Adding on to the breed's high maintenance status, the Doberdor requires way more exercise than your average dog. You're going to be looking at two or three walks per day, totaling well over an hour of exercise. Ball games and interactive toys are also a must. It goes without saying, the Doberdor is not an apartment dog--ideally you'll be living in a place with an enclosed back yard and a large park nearby. But if you can commit to the breed's needs, you'll have a remarkably social and loyal pet.
Doberdors are generally considered to be healthy dogs--although the breed can be predisposed to some of the same conditions that the Doberman Pinscher and Labrador Retriever face. As always, it's important to schedule regular wellness visits with your dog's vet.
Some of the more common health problems Doberdors suffer from include:
- Elbow Dysplasia
- Wobbler's Syndrome
- Hip Dysplasia
With such an athletic breed like the Doberdor, you'll want to aim to provide around an hour and a half of exercise per day. This should be split up into two or even three separate sessions. Ideally, you'll have access to open outdoor space where the dog can really run and stretch their legs. Games of fetch can also help keep the breed in tip top shape.
Beyond exercise, you'll want to check out your Doberdor's teeth, nails and ears about once a month. When it comes to ear cleanings, you're looking to avoid any chances of wax build up. If you're unsure about how to brush your dog's teeth, clip their nails and clean their ears, consult with your vet about the best practices.
An ideal Doberdor diet should be formulated for a large breed with high energy.
Doberdors need to stick to a heathy diet as overeating can cause weight gain and associated health problems--especially if adequate exercise isn't offered.
As with all dogs, the Doberdor's dietary needs will change from puppyhood to adulthood and will continue to change into their senior years. You should ask your veterinarian for recommendations about your Doberdor's diet, as there is far too much variation among individual dogs--including weight, energy, and health--to make a specific recommendation.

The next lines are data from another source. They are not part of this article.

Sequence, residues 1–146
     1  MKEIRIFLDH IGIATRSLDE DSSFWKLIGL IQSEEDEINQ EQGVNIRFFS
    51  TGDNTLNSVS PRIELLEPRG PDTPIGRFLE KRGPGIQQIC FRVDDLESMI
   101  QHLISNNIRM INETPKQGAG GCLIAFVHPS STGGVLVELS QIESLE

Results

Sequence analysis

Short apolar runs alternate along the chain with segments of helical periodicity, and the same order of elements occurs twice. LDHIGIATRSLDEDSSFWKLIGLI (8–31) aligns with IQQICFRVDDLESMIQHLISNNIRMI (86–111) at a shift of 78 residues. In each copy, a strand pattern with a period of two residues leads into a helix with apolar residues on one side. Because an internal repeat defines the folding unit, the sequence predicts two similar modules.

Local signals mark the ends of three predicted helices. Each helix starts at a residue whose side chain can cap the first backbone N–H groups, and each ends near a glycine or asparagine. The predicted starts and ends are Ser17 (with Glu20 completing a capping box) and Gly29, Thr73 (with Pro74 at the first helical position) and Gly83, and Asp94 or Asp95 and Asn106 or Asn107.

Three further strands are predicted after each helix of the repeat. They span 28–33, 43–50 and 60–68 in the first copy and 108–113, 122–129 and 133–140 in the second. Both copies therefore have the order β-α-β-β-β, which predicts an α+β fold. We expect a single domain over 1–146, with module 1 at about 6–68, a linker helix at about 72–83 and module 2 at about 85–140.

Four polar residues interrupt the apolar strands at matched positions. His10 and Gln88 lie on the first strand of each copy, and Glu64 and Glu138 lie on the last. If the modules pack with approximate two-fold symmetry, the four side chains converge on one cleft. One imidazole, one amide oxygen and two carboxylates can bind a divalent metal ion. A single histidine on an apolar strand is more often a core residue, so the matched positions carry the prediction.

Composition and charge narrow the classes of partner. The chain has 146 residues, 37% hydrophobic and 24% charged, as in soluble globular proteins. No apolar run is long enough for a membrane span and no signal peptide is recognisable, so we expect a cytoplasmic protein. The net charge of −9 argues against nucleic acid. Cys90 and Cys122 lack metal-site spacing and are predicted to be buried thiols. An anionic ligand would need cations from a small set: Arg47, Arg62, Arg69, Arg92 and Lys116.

Coat Color And Grooming
The most common Doberdor colors include black, chocolate, tan, and fawn. The dog's coat might be solid--inherited from its Labrador Retriever side--or patterned like the Doberman.
The Doberdor's coat is short, often feels dense, and is straight in terms of texture. This isn't a breed that sheds a lot--once a week should do the trick in terms of brushing. Bathing needs are low and should be undertaken if the dog seems dirty. Ask your vet if you wish to put into place a regular bathing routine for your Doberdor.
Due to their coat, the Doberdor does much better in warmer rather than colder climates. If you live in a place that's prone to frosty spells, kit your Doberdor out with a fetching canine jacket.
Children And Other Pets
In a best case scenario, Doberdors and kids get on great and form very close bonds. Think of the dog as like an older sibling, full of love and protective instincts. But it's imperative that the breed is socialized and trained correctly from the youngest possible age. Teaching children to act responsibly around the dog is also a must.
Most Doberdors will be okay living with other animals and pets--but you will need to very quickly let the breed know that cats and rabbits are not to be considered as prey. Again, early socialization between the breed and any resident pets is key.
Ultimately, early socialization pays off--so make sure to reward your Doberdor for good behavior and adhere to a proper training regime when you bring them home to your family.
It may be hard to find a breed-specific rescue for Doberdors because they are a mixed breed. However, you may want to try Doberman Pinscher or Labrador Retriever breed-specific rescues, as they often care for mixes, as well. Here are some rescues you can try:
You can also try DogTime's adoption page that lets you search for adoptable dogs by breed and zip code!